Mercedes-GP have refused to comment on speculation that Ross Brawn will step down from his position as team principal at the end of the campaign.
Brawn said earlier this season that he could walk away from Mercedes if he is no longer “top dog” at the team.
Brawn’s future has been the subject of speculation ever since Mercedes brought in Paddy Lowe from McLaren, who has been viewed as a potential successor to Brawn.
Reports yesterday claimed Brawn had failed to reach a satisfactory agreement with his employers over his role next season and would therefore leave the team following the last race in Brazil on November 24.
It was suggested that Mercedes would then be run in tandem by two executive directors, Toto Wolff and Lowe, along with non-executive chairman Niki Lauda.
A spokesman for Mercedes did not comment specifically on the story when contacted. He did point out that Lauda had already confirmed Mercedes will not announce anything regarding Brawn’s future until the end of the season, however.
Speaking at the Japanese race at Suzuka, Lauda said: “There’s no decision on how things will be in the long term. My goal is clearly to retain him, but he will only make the decision at the end of the year.”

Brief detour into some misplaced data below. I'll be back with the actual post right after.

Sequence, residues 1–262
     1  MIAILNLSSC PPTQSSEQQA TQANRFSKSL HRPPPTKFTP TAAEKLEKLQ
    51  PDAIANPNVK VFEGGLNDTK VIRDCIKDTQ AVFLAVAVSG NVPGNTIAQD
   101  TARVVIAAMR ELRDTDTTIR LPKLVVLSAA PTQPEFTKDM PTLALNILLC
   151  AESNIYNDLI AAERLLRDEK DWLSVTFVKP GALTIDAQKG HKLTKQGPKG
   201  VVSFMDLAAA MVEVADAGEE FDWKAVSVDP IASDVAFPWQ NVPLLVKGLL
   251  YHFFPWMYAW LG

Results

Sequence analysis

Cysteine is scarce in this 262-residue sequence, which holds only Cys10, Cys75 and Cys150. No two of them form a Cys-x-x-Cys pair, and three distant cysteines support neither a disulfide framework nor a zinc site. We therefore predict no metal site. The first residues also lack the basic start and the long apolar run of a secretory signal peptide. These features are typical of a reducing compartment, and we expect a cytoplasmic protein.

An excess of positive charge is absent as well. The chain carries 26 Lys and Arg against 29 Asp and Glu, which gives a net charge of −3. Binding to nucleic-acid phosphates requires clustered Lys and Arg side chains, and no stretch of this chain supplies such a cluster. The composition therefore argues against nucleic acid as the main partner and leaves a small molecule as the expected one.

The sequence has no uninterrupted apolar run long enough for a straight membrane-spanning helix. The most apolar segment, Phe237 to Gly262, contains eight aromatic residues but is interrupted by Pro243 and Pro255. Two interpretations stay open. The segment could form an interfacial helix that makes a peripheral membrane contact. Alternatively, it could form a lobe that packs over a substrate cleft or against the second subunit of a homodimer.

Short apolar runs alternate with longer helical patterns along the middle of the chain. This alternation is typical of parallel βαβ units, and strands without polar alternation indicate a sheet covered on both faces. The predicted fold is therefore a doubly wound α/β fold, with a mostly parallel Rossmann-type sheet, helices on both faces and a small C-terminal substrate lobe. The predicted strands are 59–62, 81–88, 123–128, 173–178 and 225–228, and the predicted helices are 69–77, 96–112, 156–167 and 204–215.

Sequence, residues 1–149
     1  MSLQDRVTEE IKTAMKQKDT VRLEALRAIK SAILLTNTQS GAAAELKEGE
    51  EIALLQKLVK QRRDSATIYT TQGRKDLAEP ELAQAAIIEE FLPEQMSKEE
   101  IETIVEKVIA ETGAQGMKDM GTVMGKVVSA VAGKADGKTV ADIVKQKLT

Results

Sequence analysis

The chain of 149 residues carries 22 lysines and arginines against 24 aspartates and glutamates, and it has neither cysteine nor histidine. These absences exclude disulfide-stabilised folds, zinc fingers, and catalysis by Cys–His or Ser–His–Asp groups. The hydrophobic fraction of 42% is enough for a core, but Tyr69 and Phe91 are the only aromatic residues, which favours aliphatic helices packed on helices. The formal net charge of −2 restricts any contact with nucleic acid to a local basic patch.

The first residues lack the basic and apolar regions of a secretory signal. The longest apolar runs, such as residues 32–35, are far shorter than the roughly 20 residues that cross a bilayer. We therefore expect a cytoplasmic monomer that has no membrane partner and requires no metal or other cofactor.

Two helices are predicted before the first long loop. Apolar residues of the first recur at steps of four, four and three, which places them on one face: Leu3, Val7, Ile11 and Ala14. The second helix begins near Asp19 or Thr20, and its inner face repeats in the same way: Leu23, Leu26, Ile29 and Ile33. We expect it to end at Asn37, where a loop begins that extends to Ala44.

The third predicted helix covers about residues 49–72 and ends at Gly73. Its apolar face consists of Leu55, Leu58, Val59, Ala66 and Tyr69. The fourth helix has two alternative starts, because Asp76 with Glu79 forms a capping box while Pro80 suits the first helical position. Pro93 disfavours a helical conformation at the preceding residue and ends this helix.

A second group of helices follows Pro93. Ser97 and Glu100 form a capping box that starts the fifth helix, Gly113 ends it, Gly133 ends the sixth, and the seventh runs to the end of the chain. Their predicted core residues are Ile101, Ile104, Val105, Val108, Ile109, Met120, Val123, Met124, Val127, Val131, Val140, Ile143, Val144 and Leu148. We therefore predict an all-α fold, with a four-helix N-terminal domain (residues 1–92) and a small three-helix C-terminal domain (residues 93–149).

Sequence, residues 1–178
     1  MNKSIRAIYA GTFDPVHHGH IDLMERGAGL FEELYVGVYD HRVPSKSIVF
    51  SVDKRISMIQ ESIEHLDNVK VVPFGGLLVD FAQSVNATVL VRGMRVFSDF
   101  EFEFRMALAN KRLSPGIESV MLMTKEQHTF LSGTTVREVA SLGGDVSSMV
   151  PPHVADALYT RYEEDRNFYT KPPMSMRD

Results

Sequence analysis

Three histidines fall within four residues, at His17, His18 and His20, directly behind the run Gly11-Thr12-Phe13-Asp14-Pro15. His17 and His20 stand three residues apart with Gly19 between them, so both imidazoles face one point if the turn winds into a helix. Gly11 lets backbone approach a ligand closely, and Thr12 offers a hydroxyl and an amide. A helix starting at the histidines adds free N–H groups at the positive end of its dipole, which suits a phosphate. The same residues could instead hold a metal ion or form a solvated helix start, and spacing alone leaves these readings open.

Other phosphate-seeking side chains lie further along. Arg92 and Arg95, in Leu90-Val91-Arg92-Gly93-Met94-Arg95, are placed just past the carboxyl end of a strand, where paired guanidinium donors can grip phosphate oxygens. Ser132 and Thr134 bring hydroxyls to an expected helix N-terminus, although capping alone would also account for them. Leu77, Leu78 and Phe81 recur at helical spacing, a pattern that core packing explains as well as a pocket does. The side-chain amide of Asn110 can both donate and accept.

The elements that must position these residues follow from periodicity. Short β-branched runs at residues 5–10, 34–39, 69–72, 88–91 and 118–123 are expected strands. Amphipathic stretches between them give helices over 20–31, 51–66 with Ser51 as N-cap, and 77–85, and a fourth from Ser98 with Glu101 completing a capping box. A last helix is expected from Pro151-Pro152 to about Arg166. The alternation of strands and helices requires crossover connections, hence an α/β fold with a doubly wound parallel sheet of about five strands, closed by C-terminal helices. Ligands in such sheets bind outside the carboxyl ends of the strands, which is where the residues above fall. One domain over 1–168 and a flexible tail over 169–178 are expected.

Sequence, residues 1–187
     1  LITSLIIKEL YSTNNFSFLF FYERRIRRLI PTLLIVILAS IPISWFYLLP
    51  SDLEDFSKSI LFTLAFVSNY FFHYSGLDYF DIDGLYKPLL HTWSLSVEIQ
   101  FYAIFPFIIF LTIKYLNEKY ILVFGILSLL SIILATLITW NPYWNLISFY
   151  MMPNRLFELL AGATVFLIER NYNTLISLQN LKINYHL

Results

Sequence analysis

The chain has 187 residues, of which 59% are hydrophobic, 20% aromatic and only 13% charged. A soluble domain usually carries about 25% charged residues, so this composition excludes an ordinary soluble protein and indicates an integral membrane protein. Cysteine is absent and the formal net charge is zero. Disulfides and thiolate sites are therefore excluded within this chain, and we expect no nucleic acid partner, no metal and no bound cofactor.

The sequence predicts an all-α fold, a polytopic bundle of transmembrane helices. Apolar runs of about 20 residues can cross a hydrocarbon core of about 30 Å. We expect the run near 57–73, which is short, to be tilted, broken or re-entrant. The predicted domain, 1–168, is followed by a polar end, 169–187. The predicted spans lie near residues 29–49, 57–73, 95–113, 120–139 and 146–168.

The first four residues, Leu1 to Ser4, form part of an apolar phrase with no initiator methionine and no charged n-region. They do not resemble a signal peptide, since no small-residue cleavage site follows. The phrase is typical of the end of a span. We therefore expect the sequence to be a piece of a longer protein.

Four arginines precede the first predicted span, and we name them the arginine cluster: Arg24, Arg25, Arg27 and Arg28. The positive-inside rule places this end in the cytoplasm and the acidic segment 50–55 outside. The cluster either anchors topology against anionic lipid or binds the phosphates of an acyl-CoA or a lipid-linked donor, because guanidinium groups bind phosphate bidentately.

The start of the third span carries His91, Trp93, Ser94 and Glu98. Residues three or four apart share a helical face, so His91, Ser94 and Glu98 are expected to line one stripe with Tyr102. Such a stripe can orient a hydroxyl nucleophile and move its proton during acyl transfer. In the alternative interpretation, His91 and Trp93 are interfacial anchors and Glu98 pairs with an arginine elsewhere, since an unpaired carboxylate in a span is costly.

Given Brawn’s impeccable record in Formula One, it is clear there would be many takers for his services should he depart.
McLaren have already been mentioned as a possible destination, although Brawn himself denied he had spoken to any other team at the start of the month.
Honda return as an engine supplier in 2015, and Brawn ran their previous F1 effort before the team took on his own name when Honda pulled out.
Brawn rose to prominence with Benetton in the 1990s, when he helped guide Michael Schumacher to his first two world titles. He then moved to Ferrari with the German, who went on to win another five drivers’ championships.
After a brief stint with Honda, Brawn set up his own F1 team, which was taken over by Mercedes in 2009.